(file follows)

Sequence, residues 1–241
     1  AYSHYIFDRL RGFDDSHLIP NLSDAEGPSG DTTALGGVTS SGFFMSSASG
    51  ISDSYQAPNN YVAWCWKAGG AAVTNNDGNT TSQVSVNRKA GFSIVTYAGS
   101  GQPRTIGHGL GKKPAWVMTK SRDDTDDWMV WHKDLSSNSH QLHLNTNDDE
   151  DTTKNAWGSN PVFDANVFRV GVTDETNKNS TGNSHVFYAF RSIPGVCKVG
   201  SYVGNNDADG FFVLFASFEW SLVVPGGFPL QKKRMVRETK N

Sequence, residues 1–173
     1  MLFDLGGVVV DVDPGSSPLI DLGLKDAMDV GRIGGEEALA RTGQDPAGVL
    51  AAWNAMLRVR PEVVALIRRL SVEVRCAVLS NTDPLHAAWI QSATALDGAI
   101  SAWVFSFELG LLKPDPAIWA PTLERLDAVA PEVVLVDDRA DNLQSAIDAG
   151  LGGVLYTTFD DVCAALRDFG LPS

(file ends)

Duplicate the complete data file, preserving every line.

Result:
Sequence, residues 1–241
     1  AYSHYIFDRL RGFDDSHLIP NLSDAEGPSG DTTALGGVTS SGFFMSSASG
    51  ISDSYQAPNN YVAWCWKAGG AAVTNNDGNT TSQVSVNRKA GFSIVTYAGS
   101  GQPRTIGHGL GKKPAWVMTK SRDDTDDWMV WHKDLSSNSH QLHLNTNDDE
   151  DTTKNAWGSN PVFDANVFRV GVTDETNKNS TGNSHVFYAF RSIPGVCKVG
   201  SYVGNNDADG FFVLFASFEW SLVVPGGFPL QKKRMVRETK N

Sequence, residues 1–173
     1  MLFDLGGVVV DVDPGSSPLI DLGLKDAMDV GRIGGEEALA RTGQDPAGVL
    51  AAWNAMLRVR PEVVALIRRL SVEVRCAVLS NTDPLHAAWI QSATALDGAI
   101  SAWVFSFELG LLKPDPAIWA PTLERLDAVA PEVVLVDDRA DNLQSAIDAG
   151  LGGVLYTTFD DVCAALRDFG LPS